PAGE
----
Work together in ministriescomment (0)
March 8, 2012
By Jean Roberson
It usually starts when she comes to the church or by your house in need. Maybe she is unable to pay her housing bill and is facing eviction and homelessness. Maybe she is in need of clothes. Maybe she is one of many teenagers who are pregnant and hopeless about their future.
As you listen to her, you begin to remember others who have come to you for help with these same issues. Knowing that God calls believers to minister to those in need, you begin to look for a way to help. What ministry can be started to help?
That is when problems can arise if we are not careful.
If people are coming to you in need of clothes, then it makes sense to start a clothing ministry. At least it makes sense until you realize there are already two clothing ministries in the area.
If people are coming to you in need of help paying rent, then it makes sense to start a benevolence ministry. At least it makes sense until you realize they are utilizing the benevolence ministry of the church down the street.
In light of such need, how do you begin ministries that are effective and don’t just duplicate what other churches and ministries are doing?
When looking at your community, do needs assessments. Needs assessments are basically identifying the needs that are evident in the area. This may come from personal conversations with those in need or through networking contacts with those in your town.
The step that is often missed is asking those contacts what ministries are already in the area. If a ministry exists to meet a particular need, then look for a way to help that does not reinvent the wheel. Especially in tough economic times, we must be good stewards of the money we invest in ministries.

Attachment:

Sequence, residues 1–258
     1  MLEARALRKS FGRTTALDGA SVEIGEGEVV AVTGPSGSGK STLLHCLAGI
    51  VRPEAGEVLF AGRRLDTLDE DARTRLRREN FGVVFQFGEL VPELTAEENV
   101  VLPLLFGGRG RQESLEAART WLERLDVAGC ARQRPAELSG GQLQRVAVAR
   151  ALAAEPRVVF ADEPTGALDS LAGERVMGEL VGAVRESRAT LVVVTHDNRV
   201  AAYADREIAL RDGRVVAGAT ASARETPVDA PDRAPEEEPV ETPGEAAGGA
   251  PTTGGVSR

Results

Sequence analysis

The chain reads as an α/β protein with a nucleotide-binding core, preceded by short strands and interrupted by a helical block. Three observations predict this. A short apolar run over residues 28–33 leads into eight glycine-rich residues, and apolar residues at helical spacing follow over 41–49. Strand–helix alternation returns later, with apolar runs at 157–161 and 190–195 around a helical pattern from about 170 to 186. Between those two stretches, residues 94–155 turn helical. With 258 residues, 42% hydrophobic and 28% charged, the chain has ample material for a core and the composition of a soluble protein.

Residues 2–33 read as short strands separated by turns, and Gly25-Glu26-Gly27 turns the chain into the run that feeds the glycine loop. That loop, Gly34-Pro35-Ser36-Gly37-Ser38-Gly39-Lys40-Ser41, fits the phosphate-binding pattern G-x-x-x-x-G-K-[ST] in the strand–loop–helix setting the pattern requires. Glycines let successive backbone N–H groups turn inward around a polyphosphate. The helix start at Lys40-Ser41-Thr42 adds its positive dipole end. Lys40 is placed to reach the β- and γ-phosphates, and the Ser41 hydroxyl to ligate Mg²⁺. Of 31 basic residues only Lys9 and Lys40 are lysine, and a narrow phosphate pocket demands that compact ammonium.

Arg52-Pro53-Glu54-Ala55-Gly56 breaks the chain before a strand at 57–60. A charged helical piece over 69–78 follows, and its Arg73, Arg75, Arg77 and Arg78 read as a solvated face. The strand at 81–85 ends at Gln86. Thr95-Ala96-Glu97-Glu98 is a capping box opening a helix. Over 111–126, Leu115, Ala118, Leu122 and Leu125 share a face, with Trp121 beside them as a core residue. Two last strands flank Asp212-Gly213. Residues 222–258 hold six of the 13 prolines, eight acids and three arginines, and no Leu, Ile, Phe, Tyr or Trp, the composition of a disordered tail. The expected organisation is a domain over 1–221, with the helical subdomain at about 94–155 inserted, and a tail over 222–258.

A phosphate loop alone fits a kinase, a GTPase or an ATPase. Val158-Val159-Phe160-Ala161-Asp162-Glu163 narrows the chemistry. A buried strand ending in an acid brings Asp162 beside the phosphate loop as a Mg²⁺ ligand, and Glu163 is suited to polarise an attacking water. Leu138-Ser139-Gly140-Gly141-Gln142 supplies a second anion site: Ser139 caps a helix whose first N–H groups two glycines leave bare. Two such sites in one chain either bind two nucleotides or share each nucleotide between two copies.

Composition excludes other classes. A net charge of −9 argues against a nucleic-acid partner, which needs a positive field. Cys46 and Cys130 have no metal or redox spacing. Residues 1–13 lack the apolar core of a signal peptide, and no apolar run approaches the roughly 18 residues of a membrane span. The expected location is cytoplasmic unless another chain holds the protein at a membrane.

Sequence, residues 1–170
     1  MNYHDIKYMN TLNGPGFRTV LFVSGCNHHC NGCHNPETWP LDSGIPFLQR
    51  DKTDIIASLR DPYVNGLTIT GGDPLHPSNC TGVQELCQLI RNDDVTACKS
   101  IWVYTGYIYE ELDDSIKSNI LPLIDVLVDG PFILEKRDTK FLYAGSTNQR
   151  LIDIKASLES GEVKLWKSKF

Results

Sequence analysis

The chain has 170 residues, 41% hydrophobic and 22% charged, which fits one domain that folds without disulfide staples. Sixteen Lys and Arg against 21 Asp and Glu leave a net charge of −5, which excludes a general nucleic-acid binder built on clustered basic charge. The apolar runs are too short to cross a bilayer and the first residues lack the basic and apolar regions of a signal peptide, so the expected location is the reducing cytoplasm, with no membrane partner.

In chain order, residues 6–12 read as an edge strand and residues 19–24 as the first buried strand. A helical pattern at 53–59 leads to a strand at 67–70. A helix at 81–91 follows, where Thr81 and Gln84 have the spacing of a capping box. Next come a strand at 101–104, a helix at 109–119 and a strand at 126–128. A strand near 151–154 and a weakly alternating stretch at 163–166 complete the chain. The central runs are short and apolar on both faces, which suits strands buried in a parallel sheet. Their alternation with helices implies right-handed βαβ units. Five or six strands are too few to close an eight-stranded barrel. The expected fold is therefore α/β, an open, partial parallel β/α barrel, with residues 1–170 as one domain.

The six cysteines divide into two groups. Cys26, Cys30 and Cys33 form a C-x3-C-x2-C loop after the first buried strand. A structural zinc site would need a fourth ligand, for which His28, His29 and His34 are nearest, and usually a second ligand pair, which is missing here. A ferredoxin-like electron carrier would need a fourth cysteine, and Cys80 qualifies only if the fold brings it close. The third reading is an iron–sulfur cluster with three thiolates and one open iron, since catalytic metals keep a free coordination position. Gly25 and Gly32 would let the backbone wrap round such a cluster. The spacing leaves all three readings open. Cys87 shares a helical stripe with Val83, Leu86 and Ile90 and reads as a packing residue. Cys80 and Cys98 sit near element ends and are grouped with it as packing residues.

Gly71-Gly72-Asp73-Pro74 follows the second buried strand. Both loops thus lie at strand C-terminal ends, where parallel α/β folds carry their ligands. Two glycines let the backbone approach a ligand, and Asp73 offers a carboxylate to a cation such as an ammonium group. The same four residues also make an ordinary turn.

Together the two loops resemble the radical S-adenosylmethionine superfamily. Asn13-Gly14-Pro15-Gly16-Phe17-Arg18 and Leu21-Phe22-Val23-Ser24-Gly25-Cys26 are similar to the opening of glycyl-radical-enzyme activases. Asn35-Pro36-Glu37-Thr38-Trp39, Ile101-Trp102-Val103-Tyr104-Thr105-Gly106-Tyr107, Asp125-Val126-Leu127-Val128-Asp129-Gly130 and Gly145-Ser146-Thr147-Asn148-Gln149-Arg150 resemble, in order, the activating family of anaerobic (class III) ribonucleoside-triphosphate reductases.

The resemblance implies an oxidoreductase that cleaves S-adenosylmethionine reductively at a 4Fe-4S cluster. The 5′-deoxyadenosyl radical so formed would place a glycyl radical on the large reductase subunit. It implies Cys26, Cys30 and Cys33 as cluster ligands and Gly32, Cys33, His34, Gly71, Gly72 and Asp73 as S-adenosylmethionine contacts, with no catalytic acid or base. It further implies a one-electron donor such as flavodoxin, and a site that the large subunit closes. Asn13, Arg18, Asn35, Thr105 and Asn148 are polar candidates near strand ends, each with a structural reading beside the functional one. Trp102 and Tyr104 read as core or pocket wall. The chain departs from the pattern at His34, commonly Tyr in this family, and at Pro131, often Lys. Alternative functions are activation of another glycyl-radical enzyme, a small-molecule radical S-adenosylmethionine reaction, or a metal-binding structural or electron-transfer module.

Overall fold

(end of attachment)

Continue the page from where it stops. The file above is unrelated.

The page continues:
These ministries should not just make us feel good about helping. They also should be effective.
So if there is already a benevolence ministry in the area, then why not try an educational ministry that seeks to equip people with skills to find better employment? If there is already a clothing ministry in your town, then what about partnering with it to provide the items that are in highest demand such as socks and underwear? If there are pregnant teens in your schools, then how can you work with the schools to provide parenting classes and discover ways to invest in those girls?
An additional benefit to finding those gaps in ministries is that it enables us to build stronger partnerships with the churches and ministries around us. And when we work together, rather than just duplicate each other, our communities can be stronger as well.
A Takeaway Value …
Before starting a new ministry, discover what is already available. Then find the new thing!
EDITOR’S NOTE — Jean Roberson, MSW, LCSW, is a ministry consultant for national Woman’s Missionary Union. She serves as team leader for the adult team and director of Christian Women’s Job Corps/Christian Men’s Job Corps and International Initiatives.